Surging gasoline costs drive up U.S. consumer prices in May
The consumer price index climbed 2.8 per cent last month from a year earlier
U.S. consumer prices rose 0.2 per cent in May, with surging gasoline costs driving much of the increase.
The Labor Department said Thursday that the consumer price index climbed 2.8 per cent last month from a year earlier, putting inflation on its fastest annual pace since February 2012. But core prices — which exclude the volatile food and energy categories — have risen a milder 2.2 per cent over the past 12 months.
Inflation remains relatively tame, although it has picked up sharply this year, in large part due to more expensive oil. Gasoline prices climbed 1.7 per cent in May and jumped 21.8 per cent from a year ago.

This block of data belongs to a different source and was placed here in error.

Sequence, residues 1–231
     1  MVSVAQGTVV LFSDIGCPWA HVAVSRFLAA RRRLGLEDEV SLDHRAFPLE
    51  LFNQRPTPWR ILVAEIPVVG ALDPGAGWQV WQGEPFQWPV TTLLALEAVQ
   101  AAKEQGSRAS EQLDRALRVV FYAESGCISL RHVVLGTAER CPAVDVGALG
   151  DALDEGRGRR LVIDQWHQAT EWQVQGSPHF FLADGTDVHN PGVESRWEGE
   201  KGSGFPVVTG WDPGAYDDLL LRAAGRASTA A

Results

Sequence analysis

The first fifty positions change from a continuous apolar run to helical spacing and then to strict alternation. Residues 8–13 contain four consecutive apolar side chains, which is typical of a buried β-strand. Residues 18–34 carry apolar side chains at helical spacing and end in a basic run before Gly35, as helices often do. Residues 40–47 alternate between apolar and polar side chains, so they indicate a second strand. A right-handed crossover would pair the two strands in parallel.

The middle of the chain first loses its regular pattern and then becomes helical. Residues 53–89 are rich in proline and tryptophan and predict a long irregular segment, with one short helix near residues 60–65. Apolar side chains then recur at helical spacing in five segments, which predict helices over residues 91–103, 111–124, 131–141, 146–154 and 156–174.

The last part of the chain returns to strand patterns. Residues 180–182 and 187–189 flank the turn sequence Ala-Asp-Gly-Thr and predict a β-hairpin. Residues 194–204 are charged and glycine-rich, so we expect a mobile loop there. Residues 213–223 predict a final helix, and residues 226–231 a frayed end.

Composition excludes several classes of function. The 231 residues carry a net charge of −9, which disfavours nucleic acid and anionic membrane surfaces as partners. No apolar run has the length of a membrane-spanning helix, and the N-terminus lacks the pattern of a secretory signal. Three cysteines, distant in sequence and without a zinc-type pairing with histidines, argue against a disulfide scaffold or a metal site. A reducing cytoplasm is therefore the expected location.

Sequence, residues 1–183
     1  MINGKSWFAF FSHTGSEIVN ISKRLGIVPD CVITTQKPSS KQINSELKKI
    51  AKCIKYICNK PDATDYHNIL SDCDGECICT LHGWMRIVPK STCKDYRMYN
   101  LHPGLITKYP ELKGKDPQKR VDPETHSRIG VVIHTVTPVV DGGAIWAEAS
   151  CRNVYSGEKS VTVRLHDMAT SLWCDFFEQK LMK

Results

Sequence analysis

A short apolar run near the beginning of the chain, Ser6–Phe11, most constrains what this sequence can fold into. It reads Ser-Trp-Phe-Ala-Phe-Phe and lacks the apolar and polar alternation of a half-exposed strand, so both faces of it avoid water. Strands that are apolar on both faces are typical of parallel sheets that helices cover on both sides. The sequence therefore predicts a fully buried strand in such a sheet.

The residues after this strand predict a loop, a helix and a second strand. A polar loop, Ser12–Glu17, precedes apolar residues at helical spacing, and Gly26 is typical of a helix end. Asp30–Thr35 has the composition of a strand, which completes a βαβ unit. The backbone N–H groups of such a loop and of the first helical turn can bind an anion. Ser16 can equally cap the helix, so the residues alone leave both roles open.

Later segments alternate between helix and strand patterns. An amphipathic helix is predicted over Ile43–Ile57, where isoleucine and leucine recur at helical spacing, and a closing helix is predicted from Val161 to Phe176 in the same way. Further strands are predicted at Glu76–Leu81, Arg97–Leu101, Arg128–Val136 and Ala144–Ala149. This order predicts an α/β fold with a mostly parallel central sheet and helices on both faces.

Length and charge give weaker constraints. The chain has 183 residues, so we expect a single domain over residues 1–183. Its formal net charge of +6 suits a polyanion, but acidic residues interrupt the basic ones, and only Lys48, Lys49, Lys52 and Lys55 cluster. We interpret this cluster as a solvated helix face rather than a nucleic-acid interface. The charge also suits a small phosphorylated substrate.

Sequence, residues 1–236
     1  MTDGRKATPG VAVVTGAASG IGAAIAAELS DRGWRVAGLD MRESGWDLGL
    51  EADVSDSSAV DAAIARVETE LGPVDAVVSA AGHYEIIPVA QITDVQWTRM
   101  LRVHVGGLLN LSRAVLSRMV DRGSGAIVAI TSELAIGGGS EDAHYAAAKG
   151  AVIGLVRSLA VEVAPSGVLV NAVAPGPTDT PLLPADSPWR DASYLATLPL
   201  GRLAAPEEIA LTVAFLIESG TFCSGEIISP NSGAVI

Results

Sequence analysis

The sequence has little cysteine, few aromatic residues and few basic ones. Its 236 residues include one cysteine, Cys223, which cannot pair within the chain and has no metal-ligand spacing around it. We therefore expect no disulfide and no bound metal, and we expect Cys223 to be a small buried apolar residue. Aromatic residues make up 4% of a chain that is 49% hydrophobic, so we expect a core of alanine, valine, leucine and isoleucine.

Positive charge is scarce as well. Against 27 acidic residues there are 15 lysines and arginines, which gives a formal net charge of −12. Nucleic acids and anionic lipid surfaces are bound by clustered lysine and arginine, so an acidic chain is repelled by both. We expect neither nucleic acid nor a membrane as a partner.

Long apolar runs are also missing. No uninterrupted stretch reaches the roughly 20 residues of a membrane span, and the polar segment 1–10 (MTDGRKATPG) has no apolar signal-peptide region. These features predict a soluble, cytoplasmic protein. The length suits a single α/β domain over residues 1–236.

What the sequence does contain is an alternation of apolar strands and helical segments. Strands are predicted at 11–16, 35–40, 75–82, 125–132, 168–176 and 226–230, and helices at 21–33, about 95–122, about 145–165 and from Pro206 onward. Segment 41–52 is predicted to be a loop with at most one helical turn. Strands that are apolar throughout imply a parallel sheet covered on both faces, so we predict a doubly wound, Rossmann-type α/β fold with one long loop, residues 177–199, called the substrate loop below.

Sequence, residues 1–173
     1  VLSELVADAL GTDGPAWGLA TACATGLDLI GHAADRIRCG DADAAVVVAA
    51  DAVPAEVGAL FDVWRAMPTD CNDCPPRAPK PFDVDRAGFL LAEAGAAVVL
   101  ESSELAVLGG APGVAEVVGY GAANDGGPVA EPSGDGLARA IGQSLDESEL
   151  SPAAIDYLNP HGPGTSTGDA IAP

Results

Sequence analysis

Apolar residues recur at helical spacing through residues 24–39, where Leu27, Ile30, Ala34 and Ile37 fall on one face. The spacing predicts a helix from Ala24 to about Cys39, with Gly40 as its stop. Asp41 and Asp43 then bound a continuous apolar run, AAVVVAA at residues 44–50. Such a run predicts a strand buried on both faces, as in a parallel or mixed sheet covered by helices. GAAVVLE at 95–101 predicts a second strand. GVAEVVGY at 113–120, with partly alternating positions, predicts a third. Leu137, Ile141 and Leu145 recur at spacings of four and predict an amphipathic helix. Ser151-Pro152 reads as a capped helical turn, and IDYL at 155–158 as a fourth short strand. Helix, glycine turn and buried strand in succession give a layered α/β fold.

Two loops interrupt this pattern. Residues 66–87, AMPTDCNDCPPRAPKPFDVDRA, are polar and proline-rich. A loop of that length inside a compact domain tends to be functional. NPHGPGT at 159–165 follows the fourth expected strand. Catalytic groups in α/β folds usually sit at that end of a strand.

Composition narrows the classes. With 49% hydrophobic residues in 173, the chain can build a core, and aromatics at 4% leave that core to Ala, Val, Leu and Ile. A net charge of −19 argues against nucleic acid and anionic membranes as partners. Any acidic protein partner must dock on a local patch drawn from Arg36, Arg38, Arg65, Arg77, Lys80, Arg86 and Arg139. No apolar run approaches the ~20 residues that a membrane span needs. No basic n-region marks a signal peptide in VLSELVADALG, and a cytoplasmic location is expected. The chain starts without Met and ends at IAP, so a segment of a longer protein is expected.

Americans are also paying more for housing: Shelter costs have risen 3.5 per cent in the past year. And transportation services, which include auto repair and airfare, have increased 3.8 per cent.
Yet the prices of commodities other than food and energy have fallen 0.3 per cent in the past year. This slower growth in core prices likely means that the Federal Reserve will raise interest rates only gradually. Fed officials are expected to raise rates on Wednesday for the second time this year.
Should core inflation accelerate, the Fed might move to tighten credit more aggressively. The challenge would be to do so without slowing growth so much as to create a downturn.